Classification/Stages In Paget’s Disease Of The Breast

Paget’s disease of the breast, a rare type of cancer that outwardly may have the appearance of eczema is classified as mammary and extramammary.1

A review including clinical, pathological, and immunohistochemical findings demonstrates skin nodules were classified as T4b because of their dire prognosis and lack of benefit from surgery.2

In the early stages, most cases of Paget’s Disease of the breast do not produce any specific symptoms.3,4

Paget disease is a rare skin manifestation of breast cancer and often associated with intraductal cancer. It occurs when there is an infiltration of the nipple epidermis by adenocarcinoma cells.

The condition initially shows as changes to the nipple and prominently noticed in less than 5% of all women with breast melanomas. Nearly 1 to 4 in every 100 breast cancer cases is this type of disease.

Classification/Stages In Paget’s Disease Of The Breast

Studies show that patients with direct dermal invasion from Paget disease of the breast had a favorable outcome when the condition was diagnosed during the initial onset of the condition. On the contrary, there are Paget’s patients showing no symptoms at all therefore, clinical findings in such cases become challenging.

Paget cells are typically found in the nipple according to histopathologic examination, usually at mastectomy and they exhibit as a lump behind the nipple area or bloody or yellowish discharge from the nipple. The symptoms are often diagnosed during imaging examinations.

Research states that patients who exhibit changes in the appearance of the nipple had less extensive cancers when compared to the patients who were clinically identified at mastectomy.1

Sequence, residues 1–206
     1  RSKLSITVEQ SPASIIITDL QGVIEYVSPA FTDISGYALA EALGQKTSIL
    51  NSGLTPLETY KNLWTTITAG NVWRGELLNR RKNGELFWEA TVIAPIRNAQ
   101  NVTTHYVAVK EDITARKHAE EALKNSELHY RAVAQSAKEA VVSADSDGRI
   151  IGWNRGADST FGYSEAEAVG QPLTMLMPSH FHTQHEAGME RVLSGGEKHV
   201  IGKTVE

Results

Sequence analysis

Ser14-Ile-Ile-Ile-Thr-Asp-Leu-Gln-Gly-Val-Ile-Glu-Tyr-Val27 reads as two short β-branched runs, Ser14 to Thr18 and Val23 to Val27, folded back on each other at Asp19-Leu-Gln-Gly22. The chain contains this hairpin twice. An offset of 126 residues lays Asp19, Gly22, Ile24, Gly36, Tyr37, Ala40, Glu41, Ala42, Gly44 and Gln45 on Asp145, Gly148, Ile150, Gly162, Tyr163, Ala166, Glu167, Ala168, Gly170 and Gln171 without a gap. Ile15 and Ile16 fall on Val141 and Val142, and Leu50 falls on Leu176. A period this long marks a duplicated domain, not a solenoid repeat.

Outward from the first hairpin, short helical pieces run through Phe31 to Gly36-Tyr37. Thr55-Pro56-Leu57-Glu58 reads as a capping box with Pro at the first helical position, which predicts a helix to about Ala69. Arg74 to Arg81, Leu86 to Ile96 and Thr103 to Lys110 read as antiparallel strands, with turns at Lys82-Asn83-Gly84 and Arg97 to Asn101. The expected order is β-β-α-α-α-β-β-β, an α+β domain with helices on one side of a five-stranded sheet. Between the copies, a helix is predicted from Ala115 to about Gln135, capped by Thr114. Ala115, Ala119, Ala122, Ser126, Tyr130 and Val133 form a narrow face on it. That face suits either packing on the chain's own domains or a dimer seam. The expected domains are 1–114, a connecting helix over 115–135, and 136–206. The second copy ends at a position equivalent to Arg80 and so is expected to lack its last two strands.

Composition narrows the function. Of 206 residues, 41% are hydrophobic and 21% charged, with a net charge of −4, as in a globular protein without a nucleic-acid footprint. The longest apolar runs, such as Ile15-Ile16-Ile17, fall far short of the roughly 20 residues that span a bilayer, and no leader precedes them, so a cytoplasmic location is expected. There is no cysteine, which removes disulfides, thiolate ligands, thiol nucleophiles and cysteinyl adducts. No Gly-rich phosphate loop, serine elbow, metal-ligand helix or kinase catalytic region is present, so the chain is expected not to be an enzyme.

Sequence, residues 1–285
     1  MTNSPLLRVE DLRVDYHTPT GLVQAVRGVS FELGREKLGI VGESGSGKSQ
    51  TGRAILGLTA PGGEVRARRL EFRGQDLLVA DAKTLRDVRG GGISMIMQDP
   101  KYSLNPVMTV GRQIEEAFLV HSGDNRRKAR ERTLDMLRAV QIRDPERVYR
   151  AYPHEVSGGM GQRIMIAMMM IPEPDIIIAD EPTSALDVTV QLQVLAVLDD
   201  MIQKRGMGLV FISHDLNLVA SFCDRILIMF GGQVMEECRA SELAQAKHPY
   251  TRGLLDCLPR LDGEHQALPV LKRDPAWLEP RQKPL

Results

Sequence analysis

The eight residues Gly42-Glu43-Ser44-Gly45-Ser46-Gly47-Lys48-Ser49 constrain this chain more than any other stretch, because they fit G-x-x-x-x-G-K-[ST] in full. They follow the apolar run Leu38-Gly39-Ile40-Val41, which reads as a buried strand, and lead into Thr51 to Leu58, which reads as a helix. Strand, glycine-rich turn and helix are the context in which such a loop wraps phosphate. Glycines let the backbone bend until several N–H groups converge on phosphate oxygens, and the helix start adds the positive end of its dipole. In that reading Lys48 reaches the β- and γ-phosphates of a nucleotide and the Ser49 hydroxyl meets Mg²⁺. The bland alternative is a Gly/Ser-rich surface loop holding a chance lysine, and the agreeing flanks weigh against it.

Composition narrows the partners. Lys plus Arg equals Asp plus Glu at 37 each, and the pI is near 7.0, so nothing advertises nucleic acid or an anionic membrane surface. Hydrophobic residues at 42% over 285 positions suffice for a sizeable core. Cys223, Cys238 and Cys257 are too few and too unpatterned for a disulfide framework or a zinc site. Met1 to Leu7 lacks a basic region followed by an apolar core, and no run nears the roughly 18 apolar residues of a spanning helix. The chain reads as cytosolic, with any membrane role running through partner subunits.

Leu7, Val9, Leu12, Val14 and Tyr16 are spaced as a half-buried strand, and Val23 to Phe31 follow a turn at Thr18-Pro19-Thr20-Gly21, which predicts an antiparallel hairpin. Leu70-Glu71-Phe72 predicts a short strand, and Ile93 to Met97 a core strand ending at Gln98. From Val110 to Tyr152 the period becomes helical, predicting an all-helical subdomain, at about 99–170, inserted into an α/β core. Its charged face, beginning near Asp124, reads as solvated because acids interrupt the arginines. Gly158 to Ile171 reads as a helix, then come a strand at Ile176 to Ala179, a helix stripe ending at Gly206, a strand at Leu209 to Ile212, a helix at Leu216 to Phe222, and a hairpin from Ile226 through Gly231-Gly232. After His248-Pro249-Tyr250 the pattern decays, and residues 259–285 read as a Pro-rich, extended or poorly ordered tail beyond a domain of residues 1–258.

Paget’s disease of the mammary glands includes a range of locations and the diagnosis is dependent on certain additional measures that include colonoscopy, mammography, cervical cytology, Papanicolaou staining, and colposcopy.

Although biopsy is typically performed to confirm the presence of malignancy, additional diagnosis is carried out to find the extent of the disease. 2. A review including clinical, pathological, and immunohistochemical findings demonstrates skin nodules were classified as T4b because of their dire prognosis and lack of benefit from surgery.

However, according to the Wilkinson and Brown classification, Paget’s disease is classified as:

Primary Of The Cutaneous Origin – This condition occurs within the epidermis or the underlying apocrine glands. It represents 6.5% of all cutaneous Paget disease and mainly affects patients between the ages group of 50 to 80 years of age with majorly 65.3 years old. Although the condition is limited to the epithelium, yet it has the potential to grow and spread to the other parts of the body resulting as an invasive tumor making the condition severe and necessitating high-density treatments. The primary condition is further divided into the following types

  • Usual type
  • Invasive
  • A characteristic of underlying skin neoplasm and turns into a disease of the vulva.

Secondary Of The Non-Cutaneous Origin- In contrast to the cutaneous origin, the non-cutaneous malignancy is often associated with underlying adnexal or visceral carcinoma. The standard management strategy of this condition is usually through surgery however clinical studies demonstrate that the recurrence rate is very high. This is sub-classified into

  • Anorectal origin
  • Urothelial origin
  • Another origin

In the initial stages, there is a high frequency of associated malignancy and these patients show poor outcomes requiring an extensive search for the secondary malignancy. However, during stage 2, there is a spread of the underlying secondary carcinoma and is treated by neoadjuvant and adjuvant chemotherapy.3,4

References:

  1. Lopes Filho, Lauro Lourival, et al. “Mammary and Extramammary Paget’s Disease.” Anais Brasileiros De Dermatologia, Sociedade Brasileira De Dermatologia, 2015, www.ncbi.nlm.nih.gov/pmc/articles/PMC4371672/.
  2. Thomas, Liji. “Extramammary Paget’s Disease Classification and Diagnosis.” News, 27 Feb. 2019, www.news-medical.net/health/Extramammary-Pagets-Disease-Classification-and-Diagnosis.aspx.
  3. “Paget Disease of the Breast.” National Cancer Institute, www.cancer.gov/types/breast/paget-breast-fact-sheet.
  4. “Paget Disease of the Breast – Canadian Cancer Society.” Www.cancer.ca, www.cancer.ca/en/cancer-information/cancer-type/breast/breast-cancer/cancerous-tumours/paget-disease-of-the-breast/?region=on.

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